The content of this blog post was supplied by OSPE partner BMS
As COVID-19 regulations continue to ease across the country, many professionals are eager to visit clients and co-workers face-to-face once again. But the pandemic altered the way individuals choose to behave and communicate, and some may prefer to connect virtually even as in-person services become available.
That means cyber insurance claims, including those related to ransomware, social engineering, and other cyberattacks, remain a risk for engineers and firms. While many engineers may not think they present an appealing target to attackers, insurer data shows the professional services industry experienced the most significant increase in ransomware costs in 2021, with the average claim standing at nearly $400,000.
According to Beazley, the specialist Lloyd’s insurer underwriting the stand-alone Cyber Security & Privacy Liability insurance policy available to OSPE members, “employees are typically the first line of defense, but working remotely can make it harder for employees to maintain a culture of compliance. Without a co-worker to converse with, employees are less likely to do a ‘sense check’ of a suspicious email”.
Beazley also reported that the majority of social engineering attacks result in a Business Email Compromise (BEC), where the cybercriminal gains access to an email account. However, cybercriminals were most successful in stealing funds using social engineering techniques to provide fraudulent payment instructions without a system compromise.
Recognize the Risk
The table below outlines three types of cyber-attacks professionals should be mindful of:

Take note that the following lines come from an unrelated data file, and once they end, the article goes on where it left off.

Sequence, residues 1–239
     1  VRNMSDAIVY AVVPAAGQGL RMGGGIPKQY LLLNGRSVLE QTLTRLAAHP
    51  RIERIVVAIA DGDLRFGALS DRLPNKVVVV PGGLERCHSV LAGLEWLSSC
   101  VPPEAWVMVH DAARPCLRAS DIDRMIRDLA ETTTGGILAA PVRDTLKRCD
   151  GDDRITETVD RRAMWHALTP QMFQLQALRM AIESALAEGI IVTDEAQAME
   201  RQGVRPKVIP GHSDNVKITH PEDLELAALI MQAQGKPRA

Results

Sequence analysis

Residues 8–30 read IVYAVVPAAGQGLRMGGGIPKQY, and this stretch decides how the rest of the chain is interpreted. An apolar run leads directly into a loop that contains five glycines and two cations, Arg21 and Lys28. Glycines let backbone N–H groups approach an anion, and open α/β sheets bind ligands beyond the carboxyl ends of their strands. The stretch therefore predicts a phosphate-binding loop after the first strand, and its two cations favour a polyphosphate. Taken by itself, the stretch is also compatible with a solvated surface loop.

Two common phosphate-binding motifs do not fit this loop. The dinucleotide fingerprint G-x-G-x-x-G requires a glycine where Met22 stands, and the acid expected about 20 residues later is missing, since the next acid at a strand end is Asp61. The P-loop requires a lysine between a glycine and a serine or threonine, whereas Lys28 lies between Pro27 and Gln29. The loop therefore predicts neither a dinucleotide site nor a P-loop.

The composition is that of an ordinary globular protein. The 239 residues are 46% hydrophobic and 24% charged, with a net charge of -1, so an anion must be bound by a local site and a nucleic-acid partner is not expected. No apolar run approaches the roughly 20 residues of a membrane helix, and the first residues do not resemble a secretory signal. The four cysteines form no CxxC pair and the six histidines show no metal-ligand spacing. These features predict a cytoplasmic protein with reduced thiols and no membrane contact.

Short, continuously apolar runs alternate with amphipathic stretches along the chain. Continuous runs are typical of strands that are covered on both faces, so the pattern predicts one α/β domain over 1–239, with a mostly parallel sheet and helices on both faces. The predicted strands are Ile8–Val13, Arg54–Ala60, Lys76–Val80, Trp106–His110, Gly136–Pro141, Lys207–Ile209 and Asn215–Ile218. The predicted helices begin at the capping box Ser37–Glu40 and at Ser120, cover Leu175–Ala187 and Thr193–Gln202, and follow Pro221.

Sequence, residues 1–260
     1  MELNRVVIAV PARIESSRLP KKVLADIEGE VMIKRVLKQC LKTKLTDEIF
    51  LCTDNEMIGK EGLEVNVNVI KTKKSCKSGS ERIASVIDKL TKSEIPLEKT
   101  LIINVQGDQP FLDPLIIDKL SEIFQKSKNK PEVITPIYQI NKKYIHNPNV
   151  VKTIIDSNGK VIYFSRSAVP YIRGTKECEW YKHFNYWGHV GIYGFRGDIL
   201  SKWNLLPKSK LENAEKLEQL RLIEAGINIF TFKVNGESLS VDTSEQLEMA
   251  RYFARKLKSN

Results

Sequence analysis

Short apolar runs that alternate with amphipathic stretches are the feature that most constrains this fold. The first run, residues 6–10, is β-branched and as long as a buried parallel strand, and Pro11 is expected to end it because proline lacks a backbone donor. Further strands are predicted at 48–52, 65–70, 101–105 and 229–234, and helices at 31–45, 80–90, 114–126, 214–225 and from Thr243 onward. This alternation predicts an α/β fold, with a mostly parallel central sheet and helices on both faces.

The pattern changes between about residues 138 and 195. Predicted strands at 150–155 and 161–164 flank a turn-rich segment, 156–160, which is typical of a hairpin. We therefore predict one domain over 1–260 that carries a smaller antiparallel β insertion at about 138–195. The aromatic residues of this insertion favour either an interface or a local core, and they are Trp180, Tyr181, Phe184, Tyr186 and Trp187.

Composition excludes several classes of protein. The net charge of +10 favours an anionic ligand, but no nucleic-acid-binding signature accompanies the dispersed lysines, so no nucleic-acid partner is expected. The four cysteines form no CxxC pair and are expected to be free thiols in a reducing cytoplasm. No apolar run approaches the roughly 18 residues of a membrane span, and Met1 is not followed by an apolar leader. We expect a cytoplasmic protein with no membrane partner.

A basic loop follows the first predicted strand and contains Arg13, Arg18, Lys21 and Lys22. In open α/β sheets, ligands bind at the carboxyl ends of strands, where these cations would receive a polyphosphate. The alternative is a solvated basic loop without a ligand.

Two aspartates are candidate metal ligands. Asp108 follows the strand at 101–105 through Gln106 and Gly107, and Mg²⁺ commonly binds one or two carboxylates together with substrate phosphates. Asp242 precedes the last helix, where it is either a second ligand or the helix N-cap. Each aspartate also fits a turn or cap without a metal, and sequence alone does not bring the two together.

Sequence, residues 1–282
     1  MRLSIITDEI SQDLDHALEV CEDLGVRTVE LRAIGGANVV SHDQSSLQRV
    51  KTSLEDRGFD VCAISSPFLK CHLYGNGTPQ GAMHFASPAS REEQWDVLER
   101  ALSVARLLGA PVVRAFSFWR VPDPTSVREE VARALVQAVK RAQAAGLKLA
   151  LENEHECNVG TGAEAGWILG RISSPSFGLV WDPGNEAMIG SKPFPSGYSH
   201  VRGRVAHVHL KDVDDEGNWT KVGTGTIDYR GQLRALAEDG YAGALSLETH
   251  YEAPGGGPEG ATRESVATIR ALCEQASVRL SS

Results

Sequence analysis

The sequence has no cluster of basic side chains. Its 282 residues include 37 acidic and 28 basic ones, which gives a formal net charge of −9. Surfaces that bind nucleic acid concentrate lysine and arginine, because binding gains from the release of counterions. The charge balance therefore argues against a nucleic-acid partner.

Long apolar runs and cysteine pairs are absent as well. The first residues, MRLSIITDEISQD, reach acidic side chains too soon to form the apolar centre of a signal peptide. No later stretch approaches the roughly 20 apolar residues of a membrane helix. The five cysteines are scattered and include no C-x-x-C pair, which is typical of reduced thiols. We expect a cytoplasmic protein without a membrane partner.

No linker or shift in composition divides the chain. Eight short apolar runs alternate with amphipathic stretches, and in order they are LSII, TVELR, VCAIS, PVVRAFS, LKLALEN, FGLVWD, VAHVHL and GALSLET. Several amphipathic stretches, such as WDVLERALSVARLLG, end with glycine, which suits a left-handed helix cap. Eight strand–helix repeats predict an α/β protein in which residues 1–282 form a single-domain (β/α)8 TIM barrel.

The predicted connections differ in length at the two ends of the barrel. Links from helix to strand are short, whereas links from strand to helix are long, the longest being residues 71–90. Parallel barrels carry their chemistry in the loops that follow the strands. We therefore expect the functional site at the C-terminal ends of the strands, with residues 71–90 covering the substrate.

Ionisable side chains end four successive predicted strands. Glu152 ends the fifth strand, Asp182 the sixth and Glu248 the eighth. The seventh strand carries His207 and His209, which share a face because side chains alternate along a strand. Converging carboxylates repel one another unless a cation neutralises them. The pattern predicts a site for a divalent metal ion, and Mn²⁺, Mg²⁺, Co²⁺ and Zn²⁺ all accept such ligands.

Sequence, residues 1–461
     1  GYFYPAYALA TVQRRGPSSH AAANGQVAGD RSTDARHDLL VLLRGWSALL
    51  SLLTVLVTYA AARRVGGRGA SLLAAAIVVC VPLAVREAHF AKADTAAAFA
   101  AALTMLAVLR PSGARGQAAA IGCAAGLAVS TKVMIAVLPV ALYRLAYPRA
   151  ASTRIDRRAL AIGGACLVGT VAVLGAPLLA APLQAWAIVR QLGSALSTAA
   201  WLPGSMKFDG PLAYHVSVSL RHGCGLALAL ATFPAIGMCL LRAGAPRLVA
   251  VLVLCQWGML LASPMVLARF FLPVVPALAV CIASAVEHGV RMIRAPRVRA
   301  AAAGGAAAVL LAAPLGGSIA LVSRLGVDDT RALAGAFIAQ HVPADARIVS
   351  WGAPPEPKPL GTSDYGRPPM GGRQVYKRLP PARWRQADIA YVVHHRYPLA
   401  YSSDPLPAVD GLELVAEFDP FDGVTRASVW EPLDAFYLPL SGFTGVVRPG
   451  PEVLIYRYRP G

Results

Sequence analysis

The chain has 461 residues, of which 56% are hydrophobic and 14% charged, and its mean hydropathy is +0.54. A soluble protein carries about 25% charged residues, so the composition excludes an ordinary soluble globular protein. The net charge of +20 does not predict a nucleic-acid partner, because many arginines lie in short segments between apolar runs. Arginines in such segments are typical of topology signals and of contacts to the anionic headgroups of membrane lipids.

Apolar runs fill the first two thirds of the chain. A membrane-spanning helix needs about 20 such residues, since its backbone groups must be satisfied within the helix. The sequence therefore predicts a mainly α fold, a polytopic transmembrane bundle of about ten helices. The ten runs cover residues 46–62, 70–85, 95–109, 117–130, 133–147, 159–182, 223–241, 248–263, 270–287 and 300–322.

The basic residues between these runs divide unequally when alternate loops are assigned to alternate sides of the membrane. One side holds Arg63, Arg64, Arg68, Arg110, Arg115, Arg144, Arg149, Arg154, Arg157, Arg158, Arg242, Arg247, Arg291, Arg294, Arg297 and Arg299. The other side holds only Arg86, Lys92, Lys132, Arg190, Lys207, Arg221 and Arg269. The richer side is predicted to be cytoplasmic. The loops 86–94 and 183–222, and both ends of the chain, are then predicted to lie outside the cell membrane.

Social Engineering – Techniques such as email phishing used to manipulate someone into providing confidential information, such as log-in credentials, or taking other actions that bypass normal security to help the attacker commit
Phishing – An email created to look like it comes from a trusted source that is designed to induce a recipient into sharing sensitive information, download malware, or visit an infected website.
Fraudulent Instruction – A social engineering attack in which compromised email credentials or spoofing are used to induce an employee to make a wire transfer or other electronic payment to a bank account controlled by a cybercriminal.
Reduce the Risk
You don’t need to know everything about cyber security to reduce your risk. Beazley notes that modest investment in training and processes can provide outsized returns, reducing the likelihood of falling victim. The following tips are recommended:
Alert employees, particularly those in accounting, finance, HR, and benefits, to be alert to these scams through cyber security awareness training.
Establish an out-of-band verification process to confirm the identity of a person requesting a funds transfer, a change to banking information or payment instructions, or access to sensitive data such as tax and payroll information. We recommend you require voice verification for all changes involving banking information.
Don’t trust contact details provided in a request. If the request is fraudulent, the criminal will have supplied fake contact information, too.
– If the request is by email, call and speak to the person at a number you know to be correct.
– If the request is by phone, use an email address you know to be correct.
– Instead of using “Reply,” forward the email and type in the email address you know to be correct.
Set up Multi-Factor Authentication (MFA) for remote access to your email system, your VPN, your ACH system, and other sensitive applications. Many platforms now include MFA at little or no cost. This might also be referred to as two-factor authentication (2FA).
Tell clients that you will not change banking instructions without authentication and treat any such request as possibly fraudulent.